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Reciprocal Association between Psychological Distress and PTSD and Their Relationship with Pre-Displacement Stressors among Displaced Women

Erhabor S. Idemudia1, Babatola D. Olawa1,*, Gail E. Wyatt2, Norweeta G. Milburn2
1 Faculty of Humanities, North-West University, Mafikeng Campus, 34151, South Africa
2 Department of Psychiatry & Behavioural Sciences, Jane & Terry Semel Institute for Neuroscience & Human Behaviour, University of California Los Angeles, Los Angeles, 90095, USA
* Corresponding Author: Babatola D. Olawa. Email: babatola.olawa@fuoye.edu.ng
(This article belongs to this Special Issue: Disentangling the Pathway to the Health of Adults’ Populations: Emotional and Physical Wellbeing)

International Journal of Mental Health Promotion https://doi.org/10.32604/ijmhp.2023.026852

Received 28 September 2022; Accepted 12 December 2022; Published online 14 February 2023


It is established in the psychological literature that pre-displacement stressors, PTSD symptoms, and psychological distress are associated among internally displaced persons. However, existing studies have not demonstrated the mechanism underlying these associations. This study compared two explanatory models; one with PTSD symptoms severity explaining the indirect association between pre-displacement stressors and psychological distress, and the other with psychological distress explaining the indirect relationship between pre-displacement stressors and PTSD symptoms severity. In a cross-sectional design, 631 women (Mean age = 31.18 ± 8.59) were conveniently and purposely selected from the displaced women harboured in two camps in Borno State, Nigeria, due to the Boko-Haram insurgency. Data were collected utilizing structured questionnaires and subjected to path analyses. Results demonstrated that PTSD symptoms severity and psychological distress indirectly explained their respective and independent association with pre-displacement stressors. However, PTSD symptoms had a statistically larger standardized indirect effect size, greater indirect effect percentage, and bigger kappa-squared (k2) effect size than psychological distress. PTSD symptoms and psychological distress may have a reciprocal influence on each other from pre-displacement stressors. However, PTSD symptoms can better explain the association between pre-displacement stressors and psychological distress than the other way around. These outcomes have important implications for the psychological treatment of displaced persons.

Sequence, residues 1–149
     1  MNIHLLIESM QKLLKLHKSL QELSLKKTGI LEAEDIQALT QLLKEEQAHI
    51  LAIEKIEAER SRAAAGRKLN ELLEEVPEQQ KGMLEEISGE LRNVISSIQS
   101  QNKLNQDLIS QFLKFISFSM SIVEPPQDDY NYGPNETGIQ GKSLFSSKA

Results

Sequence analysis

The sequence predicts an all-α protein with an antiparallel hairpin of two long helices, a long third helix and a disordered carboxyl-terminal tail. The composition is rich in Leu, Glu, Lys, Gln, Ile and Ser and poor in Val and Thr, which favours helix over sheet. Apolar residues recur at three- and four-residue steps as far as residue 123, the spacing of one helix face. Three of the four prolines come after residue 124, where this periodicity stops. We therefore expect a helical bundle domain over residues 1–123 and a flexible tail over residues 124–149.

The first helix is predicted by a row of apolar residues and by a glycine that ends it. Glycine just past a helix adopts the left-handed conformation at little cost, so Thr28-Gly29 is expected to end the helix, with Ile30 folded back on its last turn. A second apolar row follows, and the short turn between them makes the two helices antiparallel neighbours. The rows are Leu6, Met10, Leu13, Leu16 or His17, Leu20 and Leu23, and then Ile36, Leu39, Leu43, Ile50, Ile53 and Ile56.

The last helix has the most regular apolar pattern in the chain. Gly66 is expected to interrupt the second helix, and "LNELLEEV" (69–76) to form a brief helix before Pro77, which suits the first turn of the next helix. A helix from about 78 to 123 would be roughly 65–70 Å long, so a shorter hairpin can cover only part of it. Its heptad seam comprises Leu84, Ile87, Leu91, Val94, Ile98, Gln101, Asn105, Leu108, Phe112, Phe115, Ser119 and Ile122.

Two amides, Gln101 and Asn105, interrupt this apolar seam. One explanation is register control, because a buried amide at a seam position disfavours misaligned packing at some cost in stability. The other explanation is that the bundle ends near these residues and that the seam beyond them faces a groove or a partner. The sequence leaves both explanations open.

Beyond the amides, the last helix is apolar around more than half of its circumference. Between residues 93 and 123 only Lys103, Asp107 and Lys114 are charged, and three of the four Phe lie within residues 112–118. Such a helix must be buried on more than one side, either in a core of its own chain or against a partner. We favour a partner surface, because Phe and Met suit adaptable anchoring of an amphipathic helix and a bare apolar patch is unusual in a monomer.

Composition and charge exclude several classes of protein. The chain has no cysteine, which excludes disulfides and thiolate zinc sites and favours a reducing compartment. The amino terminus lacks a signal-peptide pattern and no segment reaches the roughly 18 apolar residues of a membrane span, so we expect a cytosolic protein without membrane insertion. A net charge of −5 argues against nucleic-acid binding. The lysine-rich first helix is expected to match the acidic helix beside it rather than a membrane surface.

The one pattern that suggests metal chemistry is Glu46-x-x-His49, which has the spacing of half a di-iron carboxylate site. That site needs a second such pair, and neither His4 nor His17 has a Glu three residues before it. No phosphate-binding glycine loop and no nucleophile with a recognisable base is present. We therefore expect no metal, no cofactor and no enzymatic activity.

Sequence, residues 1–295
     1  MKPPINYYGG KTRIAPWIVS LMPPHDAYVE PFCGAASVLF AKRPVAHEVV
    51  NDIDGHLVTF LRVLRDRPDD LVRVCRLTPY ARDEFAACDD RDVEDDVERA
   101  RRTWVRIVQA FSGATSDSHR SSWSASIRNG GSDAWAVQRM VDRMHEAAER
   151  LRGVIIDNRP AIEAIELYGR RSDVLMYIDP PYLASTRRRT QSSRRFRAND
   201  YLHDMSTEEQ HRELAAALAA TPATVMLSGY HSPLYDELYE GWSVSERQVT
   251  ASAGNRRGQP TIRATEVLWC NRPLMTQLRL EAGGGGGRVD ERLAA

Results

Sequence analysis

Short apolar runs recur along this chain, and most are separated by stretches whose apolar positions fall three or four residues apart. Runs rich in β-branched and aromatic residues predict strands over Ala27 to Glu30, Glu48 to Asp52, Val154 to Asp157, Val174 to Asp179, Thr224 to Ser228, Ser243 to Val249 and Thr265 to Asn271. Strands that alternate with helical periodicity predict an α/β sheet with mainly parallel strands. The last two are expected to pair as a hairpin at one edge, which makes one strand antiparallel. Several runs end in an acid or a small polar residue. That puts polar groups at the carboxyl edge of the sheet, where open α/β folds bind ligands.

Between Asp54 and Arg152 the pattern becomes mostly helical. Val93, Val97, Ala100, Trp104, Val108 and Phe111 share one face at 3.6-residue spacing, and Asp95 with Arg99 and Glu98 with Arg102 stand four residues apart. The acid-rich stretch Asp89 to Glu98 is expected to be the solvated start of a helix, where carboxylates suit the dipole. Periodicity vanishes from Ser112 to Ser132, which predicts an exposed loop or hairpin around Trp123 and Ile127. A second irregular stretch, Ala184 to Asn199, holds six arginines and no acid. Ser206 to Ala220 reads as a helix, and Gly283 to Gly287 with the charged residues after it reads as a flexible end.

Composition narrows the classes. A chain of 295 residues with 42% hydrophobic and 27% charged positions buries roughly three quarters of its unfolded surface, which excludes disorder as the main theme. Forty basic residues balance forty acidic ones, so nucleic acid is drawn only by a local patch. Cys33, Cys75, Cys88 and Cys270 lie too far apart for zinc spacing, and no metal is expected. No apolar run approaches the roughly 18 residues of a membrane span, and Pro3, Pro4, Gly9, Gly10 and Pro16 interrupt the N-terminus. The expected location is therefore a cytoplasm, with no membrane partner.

PTSD symptoms; psychological distress; traumatic stress; internally displaced persons
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